Corporate Bond and CP Market Support Measures: Expanding Support for Low-rated (non-investment grade) Businesses
Key measures include (a) extending the operating period of the corporate bond and CP purchase programs run by the KDB and IBK until the end of March 2023 and (b) pursue additional purchase of up to KRW6.0 trillion in low-rated (non-investment grade) corporate bonds and CPs using the corporate bond and CP purchase programs.
I. Current Operation Status
The corporate bond and CP purchase programs operated by the state-backed financial institutions have been introduced in March 2020 in response to growing risks to the corporate bond market in the wake of the COVID-19 pandemic. The programs have been purchasing corporate bonds and CPs of diverse ratings to help alleviate liquidity shortage in the bond market and facilitate issuance of low-rated (non-investment grade) corporate bonds and CPs whose financing conditions have been hit the most by the pandemic. The programs’ purchase cap was set at KRW7.1 trillion in total, and as of the end of June 2022, KRW3.5 trillion in purchases have been made.
II. Details of Program Reorganization
(a) Purchasing period extension
The operating period of the four corporate bond and CP purchase programs was initially set until the end of September (end-December for quick corporate bond takeover program) this year. However, in order to be prepared for continuing uncertainties in the corporate bond market amid rate hikes, the purchasing period for all programs will be extended until March 30, 2023.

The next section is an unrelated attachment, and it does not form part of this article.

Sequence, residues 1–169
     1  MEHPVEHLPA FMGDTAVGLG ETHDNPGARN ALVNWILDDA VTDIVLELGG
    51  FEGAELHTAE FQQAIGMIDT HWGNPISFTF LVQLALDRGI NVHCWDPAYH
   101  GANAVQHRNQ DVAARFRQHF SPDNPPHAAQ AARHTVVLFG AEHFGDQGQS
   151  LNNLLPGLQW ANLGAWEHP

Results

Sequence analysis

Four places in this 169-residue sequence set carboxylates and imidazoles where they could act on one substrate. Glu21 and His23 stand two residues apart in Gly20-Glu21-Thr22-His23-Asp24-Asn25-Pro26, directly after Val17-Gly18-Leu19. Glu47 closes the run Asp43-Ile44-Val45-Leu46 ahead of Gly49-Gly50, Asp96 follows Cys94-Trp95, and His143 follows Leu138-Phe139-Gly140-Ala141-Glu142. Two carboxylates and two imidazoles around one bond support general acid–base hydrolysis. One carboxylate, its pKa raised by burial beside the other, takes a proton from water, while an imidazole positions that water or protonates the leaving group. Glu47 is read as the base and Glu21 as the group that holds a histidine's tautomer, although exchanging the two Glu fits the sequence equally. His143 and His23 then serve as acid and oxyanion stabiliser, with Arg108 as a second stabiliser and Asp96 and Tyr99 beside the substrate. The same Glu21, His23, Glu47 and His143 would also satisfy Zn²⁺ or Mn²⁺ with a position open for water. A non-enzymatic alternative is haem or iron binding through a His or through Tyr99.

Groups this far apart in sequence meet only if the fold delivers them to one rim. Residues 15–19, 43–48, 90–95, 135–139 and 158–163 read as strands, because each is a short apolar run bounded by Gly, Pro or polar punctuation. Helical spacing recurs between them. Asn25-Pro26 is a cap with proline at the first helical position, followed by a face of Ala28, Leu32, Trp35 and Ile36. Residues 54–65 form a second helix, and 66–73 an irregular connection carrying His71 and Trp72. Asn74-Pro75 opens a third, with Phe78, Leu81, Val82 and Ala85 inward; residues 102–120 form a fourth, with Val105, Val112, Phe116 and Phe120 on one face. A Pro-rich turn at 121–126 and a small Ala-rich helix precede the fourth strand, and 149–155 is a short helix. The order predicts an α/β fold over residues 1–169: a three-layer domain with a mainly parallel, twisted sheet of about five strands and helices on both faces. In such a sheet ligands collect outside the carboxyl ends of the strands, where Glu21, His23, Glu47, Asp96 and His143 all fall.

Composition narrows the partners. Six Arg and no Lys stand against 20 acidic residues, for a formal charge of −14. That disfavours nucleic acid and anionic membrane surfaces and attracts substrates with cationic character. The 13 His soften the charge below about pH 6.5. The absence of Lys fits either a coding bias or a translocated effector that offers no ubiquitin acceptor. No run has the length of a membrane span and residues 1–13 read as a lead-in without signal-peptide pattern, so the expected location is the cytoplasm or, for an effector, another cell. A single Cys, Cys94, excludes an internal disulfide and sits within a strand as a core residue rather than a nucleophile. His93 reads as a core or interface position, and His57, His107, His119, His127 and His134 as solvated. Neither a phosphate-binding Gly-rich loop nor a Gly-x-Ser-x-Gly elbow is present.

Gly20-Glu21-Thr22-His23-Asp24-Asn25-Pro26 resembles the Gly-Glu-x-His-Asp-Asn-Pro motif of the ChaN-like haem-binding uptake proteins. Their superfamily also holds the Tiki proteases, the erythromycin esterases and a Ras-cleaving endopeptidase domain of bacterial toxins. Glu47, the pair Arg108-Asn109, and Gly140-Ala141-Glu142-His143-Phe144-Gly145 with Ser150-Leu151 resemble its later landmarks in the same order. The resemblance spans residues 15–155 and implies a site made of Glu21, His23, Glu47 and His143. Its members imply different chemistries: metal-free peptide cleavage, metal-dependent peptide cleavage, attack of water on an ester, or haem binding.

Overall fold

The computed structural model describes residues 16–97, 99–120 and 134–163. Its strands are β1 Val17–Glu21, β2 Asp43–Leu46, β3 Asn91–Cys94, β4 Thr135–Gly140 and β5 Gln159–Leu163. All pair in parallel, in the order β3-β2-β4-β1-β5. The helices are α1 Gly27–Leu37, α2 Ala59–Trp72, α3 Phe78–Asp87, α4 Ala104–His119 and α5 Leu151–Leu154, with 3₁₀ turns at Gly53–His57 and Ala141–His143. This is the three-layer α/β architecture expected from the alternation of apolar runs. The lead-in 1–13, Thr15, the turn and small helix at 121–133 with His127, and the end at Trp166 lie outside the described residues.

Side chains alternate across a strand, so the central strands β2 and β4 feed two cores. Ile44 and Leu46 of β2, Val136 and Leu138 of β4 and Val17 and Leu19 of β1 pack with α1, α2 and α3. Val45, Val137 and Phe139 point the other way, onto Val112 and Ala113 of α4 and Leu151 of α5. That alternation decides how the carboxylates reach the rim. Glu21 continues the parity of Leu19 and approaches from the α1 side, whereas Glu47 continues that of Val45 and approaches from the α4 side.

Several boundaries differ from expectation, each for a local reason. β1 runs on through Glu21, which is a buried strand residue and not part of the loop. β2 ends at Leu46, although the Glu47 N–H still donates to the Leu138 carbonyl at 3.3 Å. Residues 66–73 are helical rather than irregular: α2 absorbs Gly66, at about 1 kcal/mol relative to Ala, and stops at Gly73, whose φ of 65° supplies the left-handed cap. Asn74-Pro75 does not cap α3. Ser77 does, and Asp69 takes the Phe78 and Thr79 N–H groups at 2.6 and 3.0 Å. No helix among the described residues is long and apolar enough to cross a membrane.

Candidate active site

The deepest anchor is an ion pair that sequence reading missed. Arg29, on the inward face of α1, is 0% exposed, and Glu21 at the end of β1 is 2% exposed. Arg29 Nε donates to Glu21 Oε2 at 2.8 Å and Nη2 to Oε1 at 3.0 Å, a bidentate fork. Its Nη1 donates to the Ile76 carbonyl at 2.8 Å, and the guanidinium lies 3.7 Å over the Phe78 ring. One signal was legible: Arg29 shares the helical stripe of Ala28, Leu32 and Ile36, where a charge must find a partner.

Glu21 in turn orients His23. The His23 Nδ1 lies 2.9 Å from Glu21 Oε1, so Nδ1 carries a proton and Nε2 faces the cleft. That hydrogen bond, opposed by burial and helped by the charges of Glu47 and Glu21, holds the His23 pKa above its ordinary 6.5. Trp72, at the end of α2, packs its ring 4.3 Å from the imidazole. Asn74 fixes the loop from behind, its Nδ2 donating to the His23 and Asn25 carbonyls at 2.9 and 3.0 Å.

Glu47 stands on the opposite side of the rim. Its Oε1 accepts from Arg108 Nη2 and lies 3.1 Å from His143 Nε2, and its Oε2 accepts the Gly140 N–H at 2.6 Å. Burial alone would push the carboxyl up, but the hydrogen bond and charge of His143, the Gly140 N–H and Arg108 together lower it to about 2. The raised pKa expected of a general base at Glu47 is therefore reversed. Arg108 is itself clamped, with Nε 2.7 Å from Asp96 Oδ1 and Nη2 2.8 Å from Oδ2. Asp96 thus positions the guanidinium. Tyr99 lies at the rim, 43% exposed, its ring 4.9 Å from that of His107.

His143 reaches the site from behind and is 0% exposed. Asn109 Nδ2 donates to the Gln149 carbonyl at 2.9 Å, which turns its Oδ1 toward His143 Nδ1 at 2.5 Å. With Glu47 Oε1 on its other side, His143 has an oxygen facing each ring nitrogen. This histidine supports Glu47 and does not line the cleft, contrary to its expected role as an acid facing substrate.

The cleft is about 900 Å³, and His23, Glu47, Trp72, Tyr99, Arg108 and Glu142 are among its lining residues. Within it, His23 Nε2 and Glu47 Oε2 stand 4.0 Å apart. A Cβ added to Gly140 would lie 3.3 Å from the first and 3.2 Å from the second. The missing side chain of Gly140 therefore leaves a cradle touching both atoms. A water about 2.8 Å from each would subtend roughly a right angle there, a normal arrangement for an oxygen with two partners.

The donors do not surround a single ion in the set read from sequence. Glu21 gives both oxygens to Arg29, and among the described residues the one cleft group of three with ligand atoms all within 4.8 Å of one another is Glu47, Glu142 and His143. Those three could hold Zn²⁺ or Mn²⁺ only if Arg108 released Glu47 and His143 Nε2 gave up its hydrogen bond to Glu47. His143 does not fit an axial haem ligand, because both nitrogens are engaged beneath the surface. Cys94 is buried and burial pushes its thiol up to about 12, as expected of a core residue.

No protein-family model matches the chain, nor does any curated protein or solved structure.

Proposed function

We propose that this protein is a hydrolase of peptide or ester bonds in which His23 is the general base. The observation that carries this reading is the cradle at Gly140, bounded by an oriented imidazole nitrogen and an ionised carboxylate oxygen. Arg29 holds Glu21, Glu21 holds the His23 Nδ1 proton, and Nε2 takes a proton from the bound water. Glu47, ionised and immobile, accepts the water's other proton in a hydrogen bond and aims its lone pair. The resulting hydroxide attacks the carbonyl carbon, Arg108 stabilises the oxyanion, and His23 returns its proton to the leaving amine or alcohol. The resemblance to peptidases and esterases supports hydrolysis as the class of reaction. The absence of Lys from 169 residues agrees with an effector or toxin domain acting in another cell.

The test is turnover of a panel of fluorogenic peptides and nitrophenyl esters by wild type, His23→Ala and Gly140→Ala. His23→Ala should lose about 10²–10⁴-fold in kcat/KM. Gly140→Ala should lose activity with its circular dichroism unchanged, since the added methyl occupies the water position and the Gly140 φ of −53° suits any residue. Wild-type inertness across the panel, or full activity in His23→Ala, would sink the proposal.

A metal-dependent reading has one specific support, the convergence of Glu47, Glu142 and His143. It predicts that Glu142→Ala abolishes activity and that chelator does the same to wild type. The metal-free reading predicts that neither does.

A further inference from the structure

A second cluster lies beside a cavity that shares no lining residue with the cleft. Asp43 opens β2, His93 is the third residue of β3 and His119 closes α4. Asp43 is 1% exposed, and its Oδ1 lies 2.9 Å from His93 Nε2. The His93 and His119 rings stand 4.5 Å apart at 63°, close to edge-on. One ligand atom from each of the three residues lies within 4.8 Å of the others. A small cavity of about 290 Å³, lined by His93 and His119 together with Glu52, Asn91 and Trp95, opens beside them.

(b) Program integration and upward revision of purchase target
Currently, the four corporate bond and CP purchase programs are operated with a separate cap on each program, which makes it difficult to manage purchase caps more flexibly. As such, from now on, the four programs will be managed in an integrated way to allow quick purchases of assets (corporate bonds or CPs based on market demand) according to market conditions. The credit rating eligibilities for the integrated purchase program will be unified under the broader eligibility standard offered by the existing program to allow a more comprehensive purchase across both investment-grade and non-investment grade debt instruments. In addition, the purchase target will be expanded to make additional purchases of up to KRW6.0 trillion, making use of KRW3.6 trillion in the remaining portion of the purchase cap and KRW2.4 trillion redeemed from previous purchases.
The revised support measures for the corporate bond and CP purchase programs will go into effect immediately. The financial authorities will continue to maintain close monitoring of the corporate bond and CP markets through regularly held financial risk response taskforce meetings (monthly) and joint financial market review meetings (weekly). Authorities will also work on prompt implementation of additional measures depending on market situations when deemed necessary.
* Please refer to the attached PDF for details.